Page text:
George Stephanopoulos announces he has tested positive for coronavirus

Dr. Ashton went on to say that experts are "still learning" whether people who have had coronavirus then develop antibodies to it.

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It has just been announced that “Good Morning America” host George Stephanopoulos, who was an adviser to former President Bill Clinton, tested positive for coronavirus over the weekend. This came two weeks after his wife Ali Wentworth confirmed that she had tested positive for COVID-19.

Stephanopoulos revealed his diagnosis to his co-hosts on live TV on Monday morning, saying that it really came as “no surprise” that he got the virus. Unlike his wife, who has struggled while battling the disease, Stephanopoulos said that he has been asymptomatic. “I’ve never had a fever, never had chills, never had a headache, never had a cough, never had shortness of breath,” he said. “I’m feeling great.”

The U.S. Centers for Disease Control and Prevention (CDC) estimates that one in four people who test positive for coronavirus will show no symptoms, and ABC News chief medical correspondent Dr. Jennifer Ashton said that new data out of Iceland shows that as much as 50% of people who are infected with COVID-19 are asymptomatic. “That is part of why it’s so difficult to contain this virus,” she said today. “We have to remember this virus is just about four months old so literally we’re learning things about the way it behaves and the way it transmits and causes disease every day.”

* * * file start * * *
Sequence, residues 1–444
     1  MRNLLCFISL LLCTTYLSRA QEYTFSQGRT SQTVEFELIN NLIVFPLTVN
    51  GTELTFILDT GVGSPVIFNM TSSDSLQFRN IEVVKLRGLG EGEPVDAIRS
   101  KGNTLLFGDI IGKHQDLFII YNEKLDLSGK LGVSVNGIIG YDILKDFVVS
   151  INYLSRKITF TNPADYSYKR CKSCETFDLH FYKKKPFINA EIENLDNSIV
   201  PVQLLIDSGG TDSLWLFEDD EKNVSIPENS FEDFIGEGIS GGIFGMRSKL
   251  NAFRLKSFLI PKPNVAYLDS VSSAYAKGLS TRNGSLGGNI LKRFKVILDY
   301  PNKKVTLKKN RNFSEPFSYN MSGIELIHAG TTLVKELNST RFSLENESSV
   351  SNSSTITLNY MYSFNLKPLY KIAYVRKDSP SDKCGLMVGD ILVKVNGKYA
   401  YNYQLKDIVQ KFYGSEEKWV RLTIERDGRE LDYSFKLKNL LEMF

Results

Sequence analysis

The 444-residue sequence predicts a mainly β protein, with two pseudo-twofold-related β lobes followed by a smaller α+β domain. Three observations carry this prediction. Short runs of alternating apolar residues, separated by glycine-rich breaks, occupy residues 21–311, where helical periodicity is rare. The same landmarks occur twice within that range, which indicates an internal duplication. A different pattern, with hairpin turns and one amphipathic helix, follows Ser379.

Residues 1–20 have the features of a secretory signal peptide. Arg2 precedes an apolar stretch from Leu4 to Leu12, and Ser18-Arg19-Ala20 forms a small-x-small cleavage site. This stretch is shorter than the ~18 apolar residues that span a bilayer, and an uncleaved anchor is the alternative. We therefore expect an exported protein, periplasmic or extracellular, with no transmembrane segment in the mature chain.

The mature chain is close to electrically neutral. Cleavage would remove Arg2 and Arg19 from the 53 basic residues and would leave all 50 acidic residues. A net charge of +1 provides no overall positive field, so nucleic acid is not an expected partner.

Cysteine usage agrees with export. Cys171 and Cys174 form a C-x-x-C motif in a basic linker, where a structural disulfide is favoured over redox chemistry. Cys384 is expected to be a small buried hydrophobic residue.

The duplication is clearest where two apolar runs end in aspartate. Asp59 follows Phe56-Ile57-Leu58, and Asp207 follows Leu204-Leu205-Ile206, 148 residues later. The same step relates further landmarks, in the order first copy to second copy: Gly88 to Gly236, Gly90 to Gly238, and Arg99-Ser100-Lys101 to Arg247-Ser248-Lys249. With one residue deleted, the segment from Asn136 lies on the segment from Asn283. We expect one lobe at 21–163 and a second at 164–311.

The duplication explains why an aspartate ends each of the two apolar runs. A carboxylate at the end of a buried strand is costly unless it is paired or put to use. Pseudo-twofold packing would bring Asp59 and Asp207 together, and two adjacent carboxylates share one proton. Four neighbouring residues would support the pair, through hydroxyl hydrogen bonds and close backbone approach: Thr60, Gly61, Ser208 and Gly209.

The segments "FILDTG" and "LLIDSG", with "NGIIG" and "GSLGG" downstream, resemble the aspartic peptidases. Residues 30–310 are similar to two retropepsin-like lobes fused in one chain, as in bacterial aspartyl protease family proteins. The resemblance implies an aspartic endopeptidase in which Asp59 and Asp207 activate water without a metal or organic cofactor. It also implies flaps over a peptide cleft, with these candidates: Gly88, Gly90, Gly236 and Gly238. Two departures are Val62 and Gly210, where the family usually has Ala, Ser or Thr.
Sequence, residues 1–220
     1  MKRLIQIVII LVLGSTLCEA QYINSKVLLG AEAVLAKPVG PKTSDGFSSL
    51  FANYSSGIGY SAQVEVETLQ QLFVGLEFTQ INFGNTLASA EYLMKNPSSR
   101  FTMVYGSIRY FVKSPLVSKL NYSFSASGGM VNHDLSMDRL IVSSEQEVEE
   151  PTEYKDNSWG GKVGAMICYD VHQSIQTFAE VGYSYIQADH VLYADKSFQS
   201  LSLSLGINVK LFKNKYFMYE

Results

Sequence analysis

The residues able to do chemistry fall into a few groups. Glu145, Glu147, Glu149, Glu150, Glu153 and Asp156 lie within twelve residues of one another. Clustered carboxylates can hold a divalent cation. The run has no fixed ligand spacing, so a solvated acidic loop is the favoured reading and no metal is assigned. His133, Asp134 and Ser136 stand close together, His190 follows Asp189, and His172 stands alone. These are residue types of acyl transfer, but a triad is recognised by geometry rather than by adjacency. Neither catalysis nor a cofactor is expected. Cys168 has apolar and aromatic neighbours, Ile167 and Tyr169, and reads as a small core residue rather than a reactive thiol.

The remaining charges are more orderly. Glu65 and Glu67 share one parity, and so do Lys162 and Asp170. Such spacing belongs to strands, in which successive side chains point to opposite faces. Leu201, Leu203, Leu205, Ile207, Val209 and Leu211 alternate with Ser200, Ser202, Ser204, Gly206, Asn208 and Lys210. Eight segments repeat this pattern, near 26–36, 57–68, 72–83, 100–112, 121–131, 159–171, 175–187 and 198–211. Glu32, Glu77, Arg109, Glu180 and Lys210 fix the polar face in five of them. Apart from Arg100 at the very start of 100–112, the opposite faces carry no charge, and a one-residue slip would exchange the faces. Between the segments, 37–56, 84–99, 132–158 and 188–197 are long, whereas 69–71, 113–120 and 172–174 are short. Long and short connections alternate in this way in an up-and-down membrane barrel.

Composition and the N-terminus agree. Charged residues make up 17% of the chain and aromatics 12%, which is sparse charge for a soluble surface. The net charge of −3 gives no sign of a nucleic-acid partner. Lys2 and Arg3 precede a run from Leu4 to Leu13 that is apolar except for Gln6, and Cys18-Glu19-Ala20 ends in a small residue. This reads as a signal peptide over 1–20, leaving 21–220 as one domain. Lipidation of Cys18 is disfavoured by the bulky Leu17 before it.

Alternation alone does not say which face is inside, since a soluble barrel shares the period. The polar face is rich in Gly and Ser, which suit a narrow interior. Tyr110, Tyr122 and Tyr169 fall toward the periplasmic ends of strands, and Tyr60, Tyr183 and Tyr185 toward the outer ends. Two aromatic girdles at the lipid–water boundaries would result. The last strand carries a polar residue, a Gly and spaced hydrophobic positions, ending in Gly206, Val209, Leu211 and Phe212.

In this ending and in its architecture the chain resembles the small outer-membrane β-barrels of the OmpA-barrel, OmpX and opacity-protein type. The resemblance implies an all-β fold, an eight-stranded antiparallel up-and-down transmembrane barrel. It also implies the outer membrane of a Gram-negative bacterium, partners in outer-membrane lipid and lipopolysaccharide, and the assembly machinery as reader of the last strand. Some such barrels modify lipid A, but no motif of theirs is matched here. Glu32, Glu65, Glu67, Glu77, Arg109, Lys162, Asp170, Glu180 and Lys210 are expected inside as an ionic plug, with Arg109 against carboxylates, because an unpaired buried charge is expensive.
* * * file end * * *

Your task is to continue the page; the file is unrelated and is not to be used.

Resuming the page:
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“One of the theories is it has to do with how much of the actual viral particles someone gets exposed to, that may be one part of it,” Ashton added. “Your immune reaction to the virus may be another part. Where the virus actually lodges…may have something to do with it.”

“In terms of the symptoms, it’s important for people to understand that when we say about 80% of the cases are mild, that doesn’t mean pleasant,” she explained. “Ali’s [Wentworth] case clinically was defined as mild because she didn’t need hospitalization but it certainly wasn’t pleasant.”

Dr. Ashton went on to say that experts are “still learning” whether people who have had coronavirus then develop antibodies to it. “Every time we’re exposed to a virus, yes, we develop some immune reaction or protection but when that occurs, how strong it is, how long that will last, all unknowns,” she said. “And remember there are slightly different strains of this virus, just like any other coronavirus or cold virus, and you could be exposed to a different one and get sick.”

Ashton applauded Stephanopoulos and his family for practicing an at “home version of social distancing” that has to be done when someone in a household tests positive for COVID-19. “The key is really isolation and you guys are doing it right,” she had said a few weeks ago. “We have to remember that everyone in the household who has been exposed should presume that they are infected until they’re out of a 14-day window of observation.”

“Isolating, keeping them out of the kitchen or wiping down surfaces in any common areas is really, really important,” Ashton explained. “That’s the key.” We are glad to see that Stephanopoulos seems to be having an easier time with coronavirus than many others, and we pray that he has a quick recovery from this.

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